For folks who don't know, the LRU is a compilation of items from the past week that may be of interest to VPers and is intended to broaden the kinds of conversations we have here.
To submit articles for next week's round-up, e-mail email@example.com. If you have additional articles you'd like folks to know about this week, feel free to comment directly to this post.
As a reminder, in lieu of trigger warnings, I use keywords describing the themes of the piece. Please skim these before deciding to read the excerpt or click through for the full article. Outside sources are not safe spaces, and mainstream source's comments should almost always be avoided. The links I highlight don't necessarily reflect VP's views, or even my own, for that matter.
This week's round-up includes: division of labor at work; body image and age; questions for people researching trans identity; birth control and controlling women; and make up in professional sports.
- Little surprise here: women expected to do more at home – and at work by Heidi Moore at The Guardian (Keywords: gender, employment, discrimination, wages, misogyny)
No matter what profession a woman works in, she's actually in the service profession.
That's the upshot of an illuminating (and to many, enraging) new Columbia Business School study highlighted this week, showing that co-workers and bosses feel entitled to favors from women – or, in fact, that almost everything a woman does at work is considered "a favor" that is off the clock. To put it another way, when a woman takes on a project no one else will, or does something helpful or thoughtful, it's seen as something she does for fun. When a man does it, it seen as real work.
- What Percentage of Older Women Are Satisfied with Their Body Image? Survey Says … by Rachel at Our Bodies, Our Blog (Keywords: women, body image, age, fat, dieting/weight loss)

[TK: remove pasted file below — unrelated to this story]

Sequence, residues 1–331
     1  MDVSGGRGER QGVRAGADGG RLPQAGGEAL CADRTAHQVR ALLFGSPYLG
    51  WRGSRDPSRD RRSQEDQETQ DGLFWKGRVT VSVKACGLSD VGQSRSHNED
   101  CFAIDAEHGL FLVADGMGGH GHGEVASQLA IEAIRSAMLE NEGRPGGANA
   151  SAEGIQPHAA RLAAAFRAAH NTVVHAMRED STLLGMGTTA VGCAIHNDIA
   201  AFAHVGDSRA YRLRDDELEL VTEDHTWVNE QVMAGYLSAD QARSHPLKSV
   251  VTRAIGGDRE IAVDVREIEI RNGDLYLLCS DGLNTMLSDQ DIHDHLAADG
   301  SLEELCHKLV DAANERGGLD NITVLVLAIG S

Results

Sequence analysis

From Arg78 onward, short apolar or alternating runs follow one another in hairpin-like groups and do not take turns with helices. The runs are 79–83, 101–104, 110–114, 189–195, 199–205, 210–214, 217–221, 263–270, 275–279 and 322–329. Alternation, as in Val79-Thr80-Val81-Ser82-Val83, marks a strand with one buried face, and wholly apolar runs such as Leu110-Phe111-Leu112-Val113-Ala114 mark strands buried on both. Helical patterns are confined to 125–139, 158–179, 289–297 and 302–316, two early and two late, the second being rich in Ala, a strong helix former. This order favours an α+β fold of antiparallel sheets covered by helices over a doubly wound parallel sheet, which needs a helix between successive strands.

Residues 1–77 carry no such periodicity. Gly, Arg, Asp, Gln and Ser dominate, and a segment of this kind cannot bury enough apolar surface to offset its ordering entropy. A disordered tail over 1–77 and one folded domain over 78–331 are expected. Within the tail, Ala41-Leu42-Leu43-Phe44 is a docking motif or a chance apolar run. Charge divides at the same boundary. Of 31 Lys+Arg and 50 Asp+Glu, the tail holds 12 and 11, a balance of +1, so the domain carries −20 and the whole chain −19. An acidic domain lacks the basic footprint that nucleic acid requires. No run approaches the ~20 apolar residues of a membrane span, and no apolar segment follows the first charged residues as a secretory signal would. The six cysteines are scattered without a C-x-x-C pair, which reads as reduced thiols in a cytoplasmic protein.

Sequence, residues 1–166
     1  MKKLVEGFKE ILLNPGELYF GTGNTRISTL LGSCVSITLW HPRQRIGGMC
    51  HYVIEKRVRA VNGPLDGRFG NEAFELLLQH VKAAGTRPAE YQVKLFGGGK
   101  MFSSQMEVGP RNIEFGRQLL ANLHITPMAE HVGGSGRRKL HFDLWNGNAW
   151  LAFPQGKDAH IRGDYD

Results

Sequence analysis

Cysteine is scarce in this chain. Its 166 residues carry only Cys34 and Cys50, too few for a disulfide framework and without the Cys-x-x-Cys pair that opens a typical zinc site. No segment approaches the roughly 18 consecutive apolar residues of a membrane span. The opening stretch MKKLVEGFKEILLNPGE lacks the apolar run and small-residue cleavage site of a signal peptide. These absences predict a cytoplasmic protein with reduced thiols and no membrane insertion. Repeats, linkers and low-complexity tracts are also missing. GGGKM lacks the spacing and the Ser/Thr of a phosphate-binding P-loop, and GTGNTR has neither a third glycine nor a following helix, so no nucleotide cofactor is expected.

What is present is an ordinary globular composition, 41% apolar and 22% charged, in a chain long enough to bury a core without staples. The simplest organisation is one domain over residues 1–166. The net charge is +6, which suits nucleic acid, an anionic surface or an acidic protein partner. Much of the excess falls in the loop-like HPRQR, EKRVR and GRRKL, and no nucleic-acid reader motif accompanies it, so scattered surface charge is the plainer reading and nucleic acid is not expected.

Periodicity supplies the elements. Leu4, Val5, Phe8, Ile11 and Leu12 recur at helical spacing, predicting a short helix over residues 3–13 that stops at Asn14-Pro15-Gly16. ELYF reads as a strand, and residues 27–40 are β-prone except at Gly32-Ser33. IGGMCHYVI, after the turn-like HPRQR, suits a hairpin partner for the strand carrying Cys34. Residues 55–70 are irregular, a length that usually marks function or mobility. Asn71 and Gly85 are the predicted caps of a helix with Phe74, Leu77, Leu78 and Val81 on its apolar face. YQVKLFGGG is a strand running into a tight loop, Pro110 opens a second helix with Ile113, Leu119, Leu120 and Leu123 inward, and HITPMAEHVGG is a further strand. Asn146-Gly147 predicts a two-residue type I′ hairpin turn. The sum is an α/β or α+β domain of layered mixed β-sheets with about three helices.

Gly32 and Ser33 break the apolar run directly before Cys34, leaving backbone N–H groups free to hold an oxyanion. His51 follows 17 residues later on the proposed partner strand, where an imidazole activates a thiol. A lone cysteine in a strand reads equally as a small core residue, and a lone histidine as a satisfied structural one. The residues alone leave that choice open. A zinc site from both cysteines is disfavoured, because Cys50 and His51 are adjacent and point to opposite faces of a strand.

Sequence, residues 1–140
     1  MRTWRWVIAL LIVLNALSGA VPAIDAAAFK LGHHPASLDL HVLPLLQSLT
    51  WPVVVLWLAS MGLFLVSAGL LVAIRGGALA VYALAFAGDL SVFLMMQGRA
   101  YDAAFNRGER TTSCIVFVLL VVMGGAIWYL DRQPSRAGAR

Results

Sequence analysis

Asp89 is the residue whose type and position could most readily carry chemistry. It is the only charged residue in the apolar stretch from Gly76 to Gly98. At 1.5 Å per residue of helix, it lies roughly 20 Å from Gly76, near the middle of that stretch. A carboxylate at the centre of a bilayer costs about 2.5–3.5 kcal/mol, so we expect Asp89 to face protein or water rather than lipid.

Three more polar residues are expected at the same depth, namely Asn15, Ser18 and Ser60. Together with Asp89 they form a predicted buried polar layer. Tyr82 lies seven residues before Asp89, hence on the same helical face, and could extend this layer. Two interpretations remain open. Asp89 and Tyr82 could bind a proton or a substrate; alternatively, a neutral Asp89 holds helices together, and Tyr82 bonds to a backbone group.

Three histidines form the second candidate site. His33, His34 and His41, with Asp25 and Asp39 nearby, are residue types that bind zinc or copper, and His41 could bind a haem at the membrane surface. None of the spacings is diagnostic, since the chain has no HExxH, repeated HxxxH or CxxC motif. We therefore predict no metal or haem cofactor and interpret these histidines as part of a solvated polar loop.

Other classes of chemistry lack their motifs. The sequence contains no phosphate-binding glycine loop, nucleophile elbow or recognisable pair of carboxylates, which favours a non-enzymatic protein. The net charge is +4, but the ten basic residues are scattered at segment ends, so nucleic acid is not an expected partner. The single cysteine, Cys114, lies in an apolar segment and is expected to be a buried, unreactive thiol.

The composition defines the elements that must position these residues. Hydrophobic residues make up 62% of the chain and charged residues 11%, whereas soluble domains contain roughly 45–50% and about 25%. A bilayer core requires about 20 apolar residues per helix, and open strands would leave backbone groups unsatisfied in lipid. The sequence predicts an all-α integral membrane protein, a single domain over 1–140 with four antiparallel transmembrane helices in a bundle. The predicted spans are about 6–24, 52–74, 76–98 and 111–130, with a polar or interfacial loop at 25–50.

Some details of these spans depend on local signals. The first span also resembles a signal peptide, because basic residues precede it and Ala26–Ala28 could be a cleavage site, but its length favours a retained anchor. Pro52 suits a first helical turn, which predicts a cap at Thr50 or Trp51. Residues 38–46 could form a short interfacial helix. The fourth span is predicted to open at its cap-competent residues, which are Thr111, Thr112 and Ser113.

Body image is often thought of as a concern for teen girls and younger women, and the abundance of resources on this topic are skewed toward those age groups.
But a new study published in the Journal of Women and Aging illustrates how few of us are happy with how our bodies look, even as we get older: Only 12 percent of women reported being satisfied with their body size.
While the number is pathetically low, it’s not surprising considering how many of us are self-critical about our appearance. Even if we are not actively dieting, our culture — and sometimes our own families and friends — make it impossible to tune out messages that we should be younger, thinner and prettier.
- Being a Research Subject – Questions for people researching trans identity by Rebecca at The Thang Blog (Keywords: trans, research, activism, privilege)
However, I’m starting to rethink my informal policy of talking to just about anyone. Like much of my work, speaking with journalists and researchers wasn’t something I set out to do; it grew organically out of other projects. But a recent influx of interview requests have made me rethink this open-door policy. After a lot of reflection, I’ve come up with a new set of guidelines. From now on, I will be declining to speak with anyone conducting research who cannot first answer the following questions to my satisfaction:
- Birth Control and Controlling Women, Part I and Part II by Human with Uterus (Keywords: birth control, pregnancy, health care access, reproductive justice, population control, socioeconomic status, race, gendered language)
Unfortunately, there is a lot of investment in birth control that has more to do with controlling than empowering women. And it is usually not accompanied by investment in making sure women have access to education, a living wage, basic healthcare, and individual rights.
- Some people want to prevent poor women (in the U.S. and internationally) from having children, whether they want them or not.
- Some people want to make sure that women they approve have children whether they want them or not.
- WNBA rookie makeup class proves old norms die hard by Caitlin Constantine at Fit and Feminist (Keywords: gender, femininity, make up, athletes, Brittney Griner, WNBA)
Knowing how to invest your money wisely and handling yourself professionally during press conferences are what I would consider to be important life skills for a pro athlete, but learning how to blend your eyeshadow properly? Ehhh…not so much.
It makes you wonder if the organizational officials behind this decision saw the charm school scene in “A League of Their Own” and thought, “By golly, what a great idea! We shall take these slovenly wildebeests and turn them into real ladies.”
Thoughts on any of these stories? Also, please don't hesitate to share anything I -- among other VP readers -- may have missed! What have you been reading or writing this week?